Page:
Those early riots pre-dated the Troubles proper, in which the loyalist and the
republican were to play prominent roles.
For decades, Mr Paisley flew a strictly fundamentalist flag, insisting that
attempts to form power-sharing governments involving Unionists and nationalists
were to be opposed at all costs. As leader of the Democratic Unionist party he
denounced Unionist leaders who sought to set up cross-community governments as
traitors, an attitude that he maintained with extraordinary consistency from the
1960s until a few years ago.
Mr Adams, as the republican movement's outstanding leader, was equally opposed
to such arrangements, though from an entirely different perspective. He held
they were diversions from the central problem, which he defined as the British
presence in Northern Ireland.
While the pair maintained those positions for decades, Mr Adams was the first of
the two to broaden his analysis and definition of the issues, seeking secret
meetings with a range of political figures and others.
By the 1990s, those efforts produced an IRA ceasefire as republicans tested the
proposition that the negative power of their violence could be replaced by entry
into politics, with votes proving more effective than guns.
This peace process, which reduced but did not remove violence, was - in its
early years - a highly controversial project, with Mr Paisley leading the ranks
of those who condemned it and wanted it closed down.
But as the death rate fell and a semblance of normality returned to Belfast, the
benefits of the process became clear. It provided huge benefits to Sinn Fein,
whose vote rose dramatically so that it has become Northern Ireland's largest
The process was much more problematic for Mr Paisley, who was opposed to the
whole thing in principle and by gut instinct. But his party nonetheless accepted
posts in a power-sharing administration while refusing to attend cabinet
meetings with Sinn Fein, a stance that rivals described as "semi-detached".
Republicans have remained solidly attached to the peace process, with the IRA
eventually decommissioning its armoury and saying it was going out of business.
A key moment came when the DUP grew to become the largest Unionist party, a
position that meant Mr Paisley would get to be First Minister in any new
administration. That gave him the chance of moving on from perpetual opposition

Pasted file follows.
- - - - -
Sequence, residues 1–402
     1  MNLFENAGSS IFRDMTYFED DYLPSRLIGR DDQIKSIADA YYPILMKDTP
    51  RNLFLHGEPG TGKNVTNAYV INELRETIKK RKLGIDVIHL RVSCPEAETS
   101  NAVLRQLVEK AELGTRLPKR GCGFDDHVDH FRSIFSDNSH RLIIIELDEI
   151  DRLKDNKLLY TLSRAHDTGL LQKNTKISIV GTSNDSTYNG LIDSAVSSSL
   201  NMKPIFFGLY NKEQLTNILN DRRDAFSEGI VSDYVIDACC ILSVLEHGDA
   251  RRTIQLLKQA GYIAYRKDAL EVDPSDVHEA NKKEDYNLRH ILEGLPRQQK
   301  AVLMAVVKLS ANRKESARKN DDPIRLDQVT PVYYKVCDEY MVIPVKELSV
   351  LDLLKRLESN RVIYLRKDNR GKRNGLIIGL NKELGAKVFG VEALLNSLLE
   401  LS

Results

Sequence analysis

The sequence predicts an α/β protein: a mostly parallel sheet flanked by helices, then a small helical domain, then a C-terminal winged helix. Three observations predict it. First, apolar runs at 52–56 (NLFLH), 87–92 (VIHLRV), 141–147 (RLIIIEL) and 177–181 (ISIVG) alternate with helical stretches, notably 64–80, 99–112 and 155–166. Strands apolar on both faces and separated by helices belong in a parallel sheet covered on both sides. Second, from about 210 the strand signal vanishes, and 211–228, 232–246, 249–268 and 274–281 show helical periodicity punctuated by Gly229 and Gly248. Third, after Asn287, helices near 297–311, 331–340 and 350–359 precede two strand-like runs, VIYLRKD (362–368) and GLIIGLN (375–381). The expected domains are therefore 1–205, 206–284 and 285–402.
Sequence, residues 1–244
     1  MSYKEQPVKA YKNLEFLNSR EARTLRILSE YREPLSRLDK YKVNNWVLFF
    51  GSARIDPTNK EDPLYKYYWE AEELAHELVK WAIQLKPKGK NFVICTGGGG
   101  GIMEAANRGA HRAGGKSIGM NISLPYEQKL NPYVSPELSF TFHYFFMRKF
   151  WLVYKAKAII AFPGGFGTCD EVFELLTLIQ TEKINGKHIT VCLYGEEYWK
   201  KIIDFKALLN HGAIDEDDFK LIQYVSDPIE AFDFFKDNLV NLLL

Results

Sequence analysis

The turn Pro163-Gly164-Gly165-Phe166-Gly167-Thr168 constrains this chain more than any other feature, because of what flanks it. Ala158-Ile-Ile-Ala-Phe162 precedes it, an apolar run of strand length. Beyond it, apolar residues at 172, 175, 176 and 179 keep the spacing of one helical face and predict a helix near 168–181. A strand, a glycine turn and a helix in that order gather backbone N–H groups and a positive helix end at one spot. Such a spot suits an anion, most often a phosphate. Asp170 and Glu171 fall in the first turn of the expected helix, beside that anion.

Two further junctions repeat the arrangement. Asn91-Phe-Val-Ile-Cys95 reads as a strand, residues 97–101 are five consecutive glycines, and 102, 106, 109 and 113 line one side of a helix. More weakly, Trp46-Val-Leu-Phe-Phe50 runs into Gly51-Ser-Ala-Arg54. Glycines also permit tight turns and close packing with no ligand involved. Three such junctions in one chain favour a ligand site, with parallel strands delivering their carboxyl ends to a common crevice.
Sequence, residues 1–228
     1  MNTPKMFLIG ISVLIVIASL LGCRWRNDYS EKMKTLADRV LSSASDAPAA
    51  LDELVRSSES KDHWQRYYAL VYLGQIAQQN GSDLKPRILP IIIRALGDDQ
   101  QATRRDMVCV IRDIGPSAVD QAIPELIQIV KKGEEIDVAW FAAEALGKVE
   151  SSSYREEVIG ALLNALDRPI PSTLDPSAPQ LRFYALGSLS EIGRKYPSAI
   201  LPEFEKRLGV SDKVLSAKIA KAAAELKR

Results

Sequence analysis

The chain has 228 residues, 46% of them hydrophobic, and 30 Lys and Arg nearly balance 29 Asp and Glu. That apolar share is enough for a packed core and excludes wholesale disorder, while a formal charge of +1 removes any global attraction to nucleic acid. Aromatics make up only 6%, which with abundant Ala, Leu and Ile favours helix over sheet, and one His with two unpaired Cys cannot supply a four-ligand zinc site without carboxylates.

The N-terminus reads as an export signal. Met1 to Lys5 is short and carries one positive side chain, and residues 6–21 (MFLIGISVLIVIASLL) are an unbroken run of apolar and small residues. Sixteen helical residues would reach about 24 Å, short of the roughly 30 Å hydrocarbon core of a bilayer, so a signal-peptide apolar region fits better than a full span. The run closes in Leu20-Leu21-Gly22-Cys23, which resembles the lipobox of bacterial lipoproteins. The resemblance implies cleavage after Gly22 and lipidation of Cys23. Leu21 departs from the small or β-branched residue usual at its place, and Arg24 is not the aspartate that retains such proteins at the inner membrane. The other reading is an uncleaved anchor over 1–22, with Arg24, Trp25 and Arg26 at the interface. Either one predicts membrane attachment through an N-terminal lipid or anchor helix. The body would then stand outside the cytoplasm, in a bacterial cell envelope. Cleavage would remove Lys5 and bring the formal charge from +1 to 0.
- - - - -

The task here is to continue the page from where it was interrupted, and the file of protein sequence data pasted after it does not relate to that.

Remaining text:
and into powerful office.
He and his party brooded on the options for many months. Its choices were to
simply say no, thus blocking the formation of a new administration, or to agree
to take part in a coalition dominated by itself and Sinn Fein. He would be First
Minister but it would mean placing hmself at the head of a project he had spent
While the signs are that he decided some time ago that he would go for
devolution, a defining moment came earlier this month with elections to the
Assembly. His party scored a triumphant victory, banishing candidates who were
opposed to power-sharing.
On Saturday, a resolution supporting power-sharing was put to his party
executive and passed overwhelmingly, with some in the ranks who had seemed to be
doubters changing their position to one of support for the idea. All of that
amounted to approval for Mr Paisley going into government with a united party
and indeed a united Protestant electorate behind him, a level of support that
gave him the confidence to do business with his lifelong foes.
What happens next?
* The clock is ticking towards 8 May, the date set for the transfer of powers
from London to the Belfast Assembly. In the meantime, both Sinn Fein and the DUP
will attempt to postpone unpopular new water rates. They will also be calling on
Gordon Brown to increase a £1bn boost planned for the new administration. In the
next few days, work will also begin on a programme for government to be ready
for devolution. On 8 May, Ian Paisley and Martin McGuinness are to be nominated
as First Minister and Deputy First Minister. The Assembly's four largest parties
will also nominate 10 departmental ministers.
Shaking the world
* GORBACHEV and REAGAN (19 November 1985)
After more than 40 years of nuclear brinkmanship, the two met in Geneva to talk
about scaling back their arsenals and did the unthinkable - they shook hands.
RABIN, ARAFAT and CLINTON (13 September 1993)
Bitter rivals Yitzhak Rabin and Yasser Arafat shook hands at the White House. It
was the ultimate symbol of commitment to the Middle East peace process by two
men who were seen as lifelong enemies
MANDELA and DE KLERK (4 May 1990)
Mandela shook hands with the person who had come to symbolise the government
that imprisoned him. Although they remained bitter rivals, the moment came to
symbolise their commitment to South African society
NIXON and MAO (February 1972)
Setting aside two decades of bitter animosity, Nixon's surprise visit to
Communist China in 1972 and his subsequent handshake with the Chinese leader,
Mao Zedong, was described at the time as a meeting that "shook the world".
BEGIN and SADAT (26 March 1979)
The first of the Middle East's momentous handshakes, with Jimmy Carter at the
White House, sent shockwaves through the region. It ended 30 years of war
between Israel and Egypt, but led to Anwar Sadat's assassination.
The hands of history:
Two worlds come together to broker a new era of hope,
Tony Blair and his beliefs
Chris Riddell on the former prime minister’s
response to the Chilcot report
Sunday 10 July 2016 00.05 BST
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Grammaire anglaise > Niveau avancé
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syntaxe et sémantisme
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's + N